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Who Needs Government? The Left Party Exploits Vacuum in German Parliament

Even though the German federal government is still to be formed, the country’s parliament appears to be fully capable of passing new laws, and The Left (Die Linke) seems to be eager to capitalize on this opportunity.

Two months after this year’s German parliamentary elections, Berlin is yet to form the new government.

Meanwhile, some political parties have apparently realized that the formal lack of government does not prevent the Bundestag from discussing new laws, and now seek to make use of this unique opportunity.

This file photo taken on May 29, 2016 shows German Chancellor Angela Merkel (L) and the President of the European Parliament Martin Schulz during a remembrance ceremony to mark the centenary of the battle of Verdun, at the Douaumont Ossuary (Ossuaire de Douaumont), northeastern France. - Sputnik International
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Klaus Ernst, German MP and former chairman of The Left, told Sputnik Deutschland that the Bundestag now has an opportunity to express the will of the people by finally passing the laws that German political parties promised while campaigning, like the new 12 euros per hour minimum wage law championed by The Left.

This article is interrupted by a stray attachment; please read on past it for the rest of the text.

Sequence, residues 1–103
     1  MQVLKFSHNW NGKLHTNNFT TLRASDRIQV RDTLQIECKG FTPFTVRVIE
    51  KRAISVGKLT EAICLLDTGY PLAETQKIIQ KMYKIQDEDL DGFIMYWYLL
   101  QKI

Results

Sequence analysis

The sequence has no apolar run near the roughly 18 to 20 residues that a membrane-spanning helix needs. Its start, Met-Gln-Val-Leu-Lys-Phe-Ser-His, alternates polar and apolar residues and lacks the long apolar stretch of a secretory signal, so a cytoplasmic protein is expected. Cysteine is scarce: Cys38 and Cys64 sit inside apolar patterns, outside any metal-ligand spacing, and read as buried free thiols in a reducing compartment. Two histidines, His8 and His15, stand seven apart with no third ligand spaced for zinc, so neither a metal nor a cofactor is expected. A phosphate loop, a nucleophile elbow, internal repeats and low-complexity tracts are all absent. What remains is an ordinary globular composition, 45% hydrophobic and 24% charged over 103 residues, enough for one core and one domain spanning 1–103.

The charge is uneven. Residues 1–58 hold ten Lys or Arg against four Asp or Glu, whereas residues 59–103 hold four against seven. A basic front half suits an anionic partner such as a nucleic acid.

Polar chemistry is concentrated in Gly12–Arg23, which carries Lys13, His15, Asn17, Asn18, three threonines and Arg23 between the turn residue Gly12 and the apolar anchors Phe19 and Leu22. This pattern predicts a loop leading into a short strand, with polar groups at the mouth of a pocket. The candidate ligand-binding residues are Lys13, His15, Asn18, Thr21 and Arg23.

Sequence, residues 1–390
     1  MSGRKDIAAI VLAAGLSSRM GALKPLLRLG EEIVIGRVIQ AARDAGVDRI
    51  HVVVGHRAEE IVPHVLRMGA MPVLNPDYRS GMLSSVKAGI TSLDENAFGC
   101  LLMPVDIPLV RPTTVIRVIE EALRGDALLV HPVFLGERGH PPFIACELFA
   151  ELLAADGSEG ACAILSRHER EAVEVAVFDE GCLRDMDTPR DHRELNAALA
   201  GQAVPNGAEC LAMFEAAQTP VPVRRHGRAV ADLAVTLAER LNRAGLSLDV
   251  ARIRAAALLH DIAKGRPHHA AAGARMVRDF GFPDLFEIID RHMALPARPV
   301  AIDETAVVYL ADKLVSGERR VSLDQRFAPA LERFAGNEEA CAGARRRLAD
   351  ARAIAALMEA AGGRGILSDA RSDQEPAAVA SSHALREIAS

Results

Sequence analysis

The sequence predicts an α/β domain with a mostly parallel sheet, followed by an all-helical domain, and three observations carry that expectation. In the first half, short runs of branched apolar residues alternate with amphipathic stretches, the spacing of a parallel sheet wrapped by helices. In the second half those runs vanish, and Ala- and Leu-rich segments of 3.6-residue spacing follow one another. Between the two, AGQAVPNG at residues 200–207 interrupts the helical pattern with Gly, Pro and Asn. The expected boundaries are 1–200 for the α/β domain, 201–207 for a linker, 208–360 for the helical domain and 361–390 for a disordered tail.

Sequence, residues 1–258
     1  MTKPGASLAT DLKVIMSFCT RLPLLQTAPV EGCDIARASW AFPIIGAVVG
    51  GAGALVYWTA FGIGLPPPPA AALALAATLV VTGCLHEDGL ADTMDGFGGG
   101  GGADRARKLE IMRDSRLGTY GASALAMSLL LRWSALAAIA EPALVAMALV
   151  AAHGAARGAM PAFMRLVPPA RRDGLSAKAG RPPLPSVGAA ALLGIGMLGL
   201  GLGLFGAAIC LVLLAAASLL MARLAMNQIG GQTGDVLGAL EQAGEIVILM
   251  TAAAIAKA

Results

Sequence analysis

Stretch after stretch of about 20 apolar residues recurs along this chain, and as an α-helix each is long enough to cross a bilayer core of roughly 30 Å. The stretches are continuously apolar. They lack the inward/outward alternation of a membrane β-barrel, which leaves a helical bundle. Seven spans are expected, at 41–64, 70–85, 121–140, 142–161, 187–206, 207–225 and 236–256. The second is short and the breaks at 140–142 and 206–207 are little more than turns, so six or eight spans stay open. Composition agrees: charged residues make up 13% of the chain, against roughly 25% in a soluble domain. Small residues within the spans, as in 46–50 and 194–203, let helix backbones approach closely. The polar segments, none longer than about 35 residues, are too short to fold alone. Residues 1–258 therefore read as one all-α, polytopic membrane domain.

Also, the lack of coalition agreements now allows German parties to jointly introduce new laws instead of submitting competing proposals.

"Things are different now because currently there’s no coalition agreement. Therefore we can submit a proposal together with the Greens and the Social Democrats. Even some CSU MPs could support our proposals. And other parties in the Bundestag also have the same situation," Ernst said.

And it appears that Die Linke is not the only political force in Germany seeking to discuss new laws as the Greens introduced a proposal to ban the use of coal as an energy source while the Social Democratic Party submitted a new draft law on immigration.

"Therefore we say: even if there is no government, the Bundestag has been elected… The Bundestag makes the laws, not the federal government; and even if the latter does not exist, the Bundestag could still legislate," Ernst surmised.

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